Ended up with voltages of Vab 240, Vbc 254, Vac 254, line current of .6A and Icn of 6.9A. seems to me to be as close to correct as I could get.


    A few pics...now need to confirm it's operation with our 3HP lathe.

    Cheers
    LOL! Shades of Terry Matthew's key krew at Kanata! Ingenious lot, and fast-movers! Must be the short "growing season", eh?

    Only a Canadian redneck "ingineer" could start with a beater pickup, moldy plywood, rust piles, and gardening rakes and produce a neat-as-a-pin "product".

    South 48, we'd need Bondo, RTV and/or hot-melt glue, zip-ties, "duck" tape, and "too much" beer to argue it over for two months on PM!!!

    Good on yah for the "lean, mean, and hungry" approach!


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    Quote Originally Posted by kilohertz View Post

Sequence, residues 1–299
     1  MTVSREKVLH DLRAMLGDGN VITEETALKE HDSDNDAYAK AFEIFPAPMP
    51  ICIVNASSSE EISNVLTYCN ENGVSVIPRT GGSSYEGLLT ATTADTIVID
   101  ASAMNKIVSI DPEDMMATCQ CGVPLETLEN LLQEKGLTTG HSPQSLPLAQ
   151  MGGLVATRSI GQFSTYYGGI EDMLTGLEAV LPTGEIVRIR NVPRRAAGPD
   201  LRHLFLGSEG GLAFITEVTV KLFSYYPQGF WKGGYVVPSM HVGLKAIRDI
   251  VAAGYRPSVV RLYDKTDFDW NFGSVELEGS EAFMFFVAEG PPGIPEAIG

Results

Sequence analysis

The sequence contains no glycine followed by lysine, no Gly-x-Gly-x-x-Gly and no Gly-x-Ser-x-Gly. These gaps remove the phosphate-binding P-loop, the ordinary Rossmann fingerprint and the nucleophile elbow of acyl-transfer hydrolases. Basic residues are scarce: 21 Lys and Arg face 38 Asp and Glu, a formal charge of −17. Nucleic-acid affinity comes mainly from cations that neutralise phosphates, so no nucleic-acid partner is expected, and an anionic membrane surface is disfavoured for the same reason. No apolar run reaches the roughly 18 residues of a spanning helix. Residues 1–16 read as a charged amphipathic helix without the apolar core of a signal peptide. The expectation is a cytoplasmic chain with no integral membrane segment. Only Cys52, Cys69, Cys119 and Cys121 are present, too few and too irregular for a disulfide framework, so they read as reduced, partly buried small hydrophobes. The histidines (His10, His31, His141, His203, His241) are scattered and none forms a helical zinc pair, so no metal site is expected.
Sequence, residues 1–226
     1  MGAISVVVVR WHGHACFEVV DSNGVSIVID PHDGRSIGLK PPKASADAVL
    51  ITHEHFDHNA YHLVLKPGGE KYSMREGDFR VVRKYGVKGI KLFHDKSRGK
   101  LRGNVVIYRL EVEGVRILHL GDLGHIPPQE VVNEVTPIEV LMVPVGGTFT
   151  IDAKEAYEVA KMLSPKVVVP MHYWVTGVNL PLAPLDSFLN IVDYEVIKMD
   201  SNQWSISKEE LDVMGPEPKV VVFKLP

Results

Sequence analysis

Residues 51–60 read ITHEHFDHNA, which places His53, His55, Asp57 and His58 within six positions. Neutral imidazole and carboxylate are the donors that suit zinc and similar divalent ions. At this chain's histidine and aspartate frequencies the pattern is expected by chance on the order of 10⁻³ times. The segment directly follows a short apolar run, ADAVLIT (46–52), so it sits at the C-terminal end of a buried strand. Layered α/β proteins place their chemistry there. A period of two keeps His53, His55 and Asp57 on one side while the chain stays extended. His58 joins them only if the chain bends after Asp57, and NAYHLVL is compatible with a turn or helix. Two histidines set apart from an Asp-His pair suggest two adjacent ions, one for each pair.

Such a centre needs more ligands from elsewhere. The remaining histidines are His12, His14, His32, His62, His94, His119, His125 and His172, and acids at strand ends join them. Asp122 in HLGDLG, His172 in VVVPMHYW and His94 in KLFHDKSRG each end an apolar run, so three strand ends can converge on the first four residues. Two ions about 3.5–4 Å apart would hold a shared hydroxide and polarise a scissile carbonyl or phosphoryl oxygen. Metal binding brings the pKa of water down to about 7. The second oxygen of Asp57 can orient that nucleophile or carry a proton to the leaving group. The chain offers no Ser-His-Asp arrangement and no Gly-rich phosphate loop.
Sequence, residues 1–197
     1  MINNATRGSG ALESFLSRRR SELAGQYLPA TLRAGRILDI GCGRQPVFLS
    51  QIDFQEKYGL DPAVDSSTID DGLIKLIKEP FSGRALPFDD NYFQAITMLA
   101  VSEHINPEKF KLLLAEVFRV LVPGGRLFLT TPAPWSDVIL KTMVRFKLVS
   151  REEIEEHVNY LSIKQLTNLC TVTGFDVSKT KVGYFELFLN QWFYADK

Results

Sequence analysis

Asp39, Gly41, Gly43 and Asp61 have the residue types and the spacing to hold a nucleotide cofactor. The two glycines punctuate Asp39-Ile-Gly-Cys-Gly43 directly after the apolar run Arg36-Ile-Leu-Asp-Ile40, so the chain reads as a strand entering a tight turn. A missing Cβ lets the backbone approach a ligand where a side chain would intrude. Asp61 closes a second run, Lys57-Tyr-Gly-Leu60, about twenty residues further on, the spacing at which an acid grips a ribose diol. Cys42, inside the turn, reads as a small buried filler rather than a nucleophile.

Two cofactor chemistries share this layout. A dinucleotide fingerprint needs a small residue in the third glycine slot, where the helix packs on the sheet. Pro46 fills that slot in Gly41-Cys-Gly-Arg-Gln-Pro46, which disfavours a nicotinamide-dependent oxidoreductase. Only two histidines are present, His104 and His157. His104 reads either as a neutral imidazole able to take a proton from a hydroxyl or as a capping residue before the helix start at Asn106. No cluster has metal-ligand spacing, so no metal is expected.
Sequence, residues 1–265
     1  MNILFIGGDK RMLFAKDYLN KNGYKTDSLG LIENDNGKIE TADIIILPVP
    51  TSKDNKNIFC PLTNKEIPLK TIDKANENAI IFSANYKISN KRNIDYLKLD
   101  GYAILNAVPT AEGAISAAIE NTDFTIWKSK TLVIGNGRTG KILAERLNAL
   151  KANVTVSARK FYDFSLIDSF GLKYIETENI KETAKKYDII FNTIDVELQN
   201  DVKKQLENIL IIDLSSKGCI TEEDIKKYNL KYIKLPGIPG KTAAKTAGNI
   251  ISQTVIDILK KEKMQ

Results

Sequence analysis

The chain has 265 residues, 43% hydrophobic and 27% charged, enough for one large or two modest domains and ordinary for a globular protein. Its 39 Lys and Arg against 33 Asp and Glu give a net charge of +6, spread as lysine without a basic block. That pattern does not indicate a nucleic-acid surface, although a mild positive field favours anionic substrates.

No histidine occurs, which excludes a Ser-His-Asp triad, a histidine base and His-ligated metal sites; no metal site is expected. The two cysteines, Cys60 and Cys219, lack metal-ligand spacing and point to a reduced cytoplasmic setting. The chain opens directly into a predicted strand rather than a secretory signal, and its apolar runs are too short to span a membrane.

A few pics...now need to confirm it's operation with our 3HP lathe.
    Cheers
    Nicely built. If the lathe is at all hard starting you could consider going with the 10 hp motor.
    The larger the idler is in relation to the load motor, the less finicky it will be regarding tuning.

    I noticed the Fitch instructions were dated '98. Has anyone heard anything from him in the
    recent past?

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    Quote Originally Posted by thermite View Post
    LOL! Shades of Terry Matthew's key krew at Kanata! Ingenious lot, and fast-movers! Must be the short "growing season", eh?

    Only a Canadian redneck "ingineer" could start with a beater pickup, moldy plywood, rust piles, and gardening rakes and produce a neat-as-a-pin "product".

    South 48, we'd need Bondo, RTV and/or hot-melt glue, zip-ties, "duck" tape, and "too much" beer to argue it over for two months on PM!!!

    Good on yah for the "lean, mean, and hungry" approach!